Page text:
Here, I think, is Enoch Powell’s abiding legacy: not his undeniable racism, or his cold disregard for the welfare of those he identified as ‘an alien wedge’, but rather the lurking angst he instilled and bequeathed about the future existence of the British nation, the sense of an imminent catastrophe. Boris Johnson excoriates the ‘doomsters’ and ‘gloomsters’. But who was the Father of all Doomsters? Who first implanted the obsessive belief that breaking out of the prison house of Brussels was our only possible salvation? If Enoch Powell had never existed, I very much doubt that Boris Johnson would be where he is today.

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Vol. 41 No. 19 · 10 October 2019

‘Enoch never goes away,’ said Nigel Farage, approvingly, about Enoch Powell (LRB, 26 September). Thalidomide victims and their families may agree. According to Harold Evans, the former editor of the Sunday Times, when, as health minister, Powell received a delegation of parents whose children had been affected by the drug, he rejected every request. No to a public inquiry. No to setting up a drug-testing centre: ‘Anyone who takes an aspirin puts himself at risk.’ No to issuing a warning against using any thalidomide pills that remained in medicine cabinets. No to meeting a thalidomide child himself, and no to issuing a statement after the meeting: ‘No need to bring the press into this.’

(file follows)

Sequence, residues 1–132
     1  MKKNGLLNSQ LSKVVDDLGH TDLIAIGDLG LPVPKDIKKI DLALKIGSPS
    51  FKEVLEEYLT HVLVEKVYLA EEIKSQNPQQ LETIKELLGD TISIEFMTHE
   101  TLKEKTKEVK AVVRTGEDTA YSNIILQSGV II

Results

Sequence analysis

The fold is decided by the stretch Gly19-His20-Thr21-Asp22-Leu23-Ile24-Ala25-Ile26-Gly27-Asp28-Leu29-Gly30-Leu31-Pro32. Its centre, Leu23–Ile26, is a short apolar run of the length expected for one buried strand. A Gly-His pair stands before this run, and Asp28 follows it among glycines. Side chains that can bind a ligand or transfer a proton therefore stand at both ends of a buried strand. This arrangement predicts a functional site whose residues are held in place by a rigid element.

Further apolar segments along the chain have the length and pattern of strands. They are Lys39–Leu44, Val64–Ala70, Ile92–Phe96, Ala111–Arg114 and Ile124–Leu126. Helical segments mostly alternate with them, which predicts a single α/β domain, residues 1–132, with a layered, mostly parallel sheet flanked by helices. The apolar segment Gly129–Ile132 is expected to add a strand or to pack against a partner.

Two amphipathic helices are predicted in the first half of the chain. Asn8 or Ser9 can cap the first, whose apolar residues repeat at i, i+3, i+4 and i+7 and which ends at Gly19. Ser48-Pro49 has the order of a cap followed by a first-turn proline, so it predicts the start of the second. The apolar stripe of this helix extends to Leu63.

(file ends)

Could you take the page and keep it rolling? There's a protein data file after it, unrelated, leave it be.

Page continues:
Rosie Brocklehurst
St Leonards on Sea, East Sussex